Ultra-high-frequency silicon-germanium circuits have potential applications in many communications systems, defense systems, space electronics platforms, and remote sensing systems. Achieving such extreme speeds in silicon-based technology which can be manufactured using conventional low-cost techniques could provide a pathway to high-volume applications. Until now, only integrated circuits fabricated from more costly III-V compound semiconductor materials have achieved such extreme levels of transistor performance.
"For the first time, Georgia Tech and IBM have demonstrated that speeds of half a trillion cycles per second can be achieved in a commercial silicon-based technology, using large wafers and silicon-compatible low-cost manufacturing techniques," said John D. Cressler, Byers Professor in Georgia Tech's School of Electrical and Computer Engineering, and a researcher in the Georgia Electronic Design Center (GEDC) at Georgia Tech. "This work redefines the upper bounds of what is possible using silicon-germanium nanotechnology techniques."
The accomplishment will be reported in the July issue of the journal IEEE Electron Device Letters. The research has been supported by IBM, NASA, and the GEDC at Georgia Tech.
"This groundbreaking collaborative research by Georgia Tech and IBM redefines the performance limits of silicon-based semiconductors," said Bernie Meyerson, vice president and chief technologist at the IBM Systems and Technology Group. "IBM is committed to working closely with our academic and industry partners to deliver the insight and innovation that will enable a new generation of high-performance, energy efficient microprocessors."
The silicon-germanium heterojunction bipolar transistors built by the IBM-Georgia Tech team operated at frequencies above 500 GHz at 4.5 Kelvins a temperature attained using liquid helium cooling. At room temperature, these devices operated at approximately 350 Ghz. Performance measurements were made using a specialized high-frequency test system in the Georgia Electronic Design Center.
The devices used in the research are from a prototype fourth-generation SiGe technology fabricated at IBM on a 200-millimeter wafer using an older un-optimized mask set. Simulations suggest that the technology could ultimately support much higher (near-Terahertz) operational frequencies at room temperature, Cressler said.
"Having a silicon-based technology that is compatible with low-cost IC manufacturing while still providing these extreme levels of performance allows us to envision integrating these devices into systems that would be affordable for emerging commercial markets as well as defense applications," Cressler said.
The next step in this research will be to understand the physics behind the silicon-germanium devices, which display some unusual properties at these extremely low temperatures.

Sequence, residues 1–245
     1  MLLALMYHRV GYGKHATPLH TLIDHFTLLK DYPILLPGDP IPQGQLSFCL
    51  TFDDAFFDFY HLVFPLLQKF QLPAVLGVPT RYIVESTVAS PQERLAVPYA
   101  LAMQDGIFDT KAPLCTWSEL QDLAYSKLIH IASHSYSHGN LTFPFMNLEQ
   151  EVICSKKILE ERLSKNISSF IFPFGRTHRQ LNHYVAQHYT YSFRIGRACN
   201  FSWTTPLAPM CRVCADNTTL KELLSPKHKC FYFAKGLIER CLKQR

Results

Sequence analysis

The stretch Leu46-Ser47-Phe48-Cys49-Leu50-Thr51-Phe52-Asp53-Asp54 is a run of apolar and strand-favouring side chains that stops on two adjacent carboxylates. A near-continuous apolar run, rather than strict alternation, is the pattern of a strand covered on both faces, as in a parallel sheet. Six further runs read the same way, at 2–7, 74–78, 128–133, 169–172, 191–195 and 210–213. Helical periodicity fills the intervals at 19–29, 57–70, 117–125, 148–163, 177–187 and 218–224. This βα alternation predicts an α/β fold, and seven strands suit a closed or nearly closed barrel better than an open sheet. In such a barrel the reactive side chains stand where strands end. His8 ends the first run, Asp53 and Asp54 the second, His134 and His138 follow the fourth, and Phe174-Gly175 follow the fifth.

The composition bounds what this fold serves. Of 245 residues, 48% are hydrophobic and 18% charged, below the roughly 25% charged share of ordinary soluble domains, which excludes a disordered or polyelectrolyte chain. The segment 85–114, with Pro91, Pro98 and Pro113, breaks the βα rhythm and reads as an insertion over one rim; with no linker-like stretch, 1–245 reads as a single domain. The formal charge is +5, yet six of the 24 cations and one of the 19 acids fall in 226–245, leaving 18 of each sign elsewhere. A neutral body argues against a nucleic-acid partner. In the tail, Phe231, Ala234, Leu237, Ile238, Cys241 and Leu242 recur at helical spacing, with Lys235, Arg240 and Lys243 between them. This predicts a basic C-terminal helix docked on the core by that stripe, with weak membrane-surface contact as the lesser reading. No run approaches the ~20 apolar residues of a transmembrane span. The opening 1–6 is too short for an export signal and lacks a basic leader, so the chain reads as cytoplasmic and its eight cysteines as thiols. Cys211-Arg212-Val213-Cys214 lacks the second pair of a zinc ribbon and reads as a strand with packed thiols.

"We observe effects in these devices at cryogenic temperatures which potentially make them faster than simple theory would suggest, and may allow us to ultimately make the devices even faster," said Cressler, who heads the world's largest university-based silicon-germanium research team at Georgia Tech. "Understanding the basic physics of these advanced transistors arms us with knowledge that could make the next generation of silicon-based integrated circuits even better."
SiGe is a process technology in which the electrical properties of silicon, the material underlying virtually all modern microchips, is augmented with germanium to make chips operate more efficiently. SiGe boosts performance and reduces power consumption in chips that go into cellular phones and other advanced communication devices.
Silicon-germanium technology has been of great interest to the electronics industry because it allows substantial transistor performance improvements to be achieved while using fabrication techniques compatible with standard high-volume silicon-based manufacturing processes. By introducing germanium into silicon wafers at the atomic scale, engineers can boost performance while retaining the many advantages of silicon.
IBM first announced its SiGe technology in 1989, and later introduced SiGe into the industry's first standard, high-volume SiGe chips in October 1998. Since that time, the company has shipped hundreds of millions of SiGe chips.
A laboratory and specialized test equipment used in the research are located in the Georgia Electronic Design Center (GEDC) at Georgia Tech.
"We are happy to see that the GEDC's continuing support of research in high-speed mixed-signal technologies and other device research is leading to more cost-effective solutions for commercial applications," said Joy Laskar, who is director of the GEDC and also the Joseph M. Pettit Professor Chair in Electronics in Georgia Tech's School of Electrical and Computer Engineering.
Beyond Cressler, the research team included Georgia Tech Ph.D. students Ramkumar Krithivasan and Yuan Lu; Jae-Sun Rieh of Korea University in Seoul, South Korea (formerly with IBM); and Marwan Khater, David Ahlgren and Greg Freeman of IBM Microelectronics in East Fishkill, N.Y.
"This new speed record provides encouragement to keep pushing forward on silicon-germanium devices," Cressler said. "There is a lot more fruit available from silicon-germanium technology if we invest the effort to get there."
Last reviewed: By John M. Grohol, Psy.D. on 21 Feb 2009
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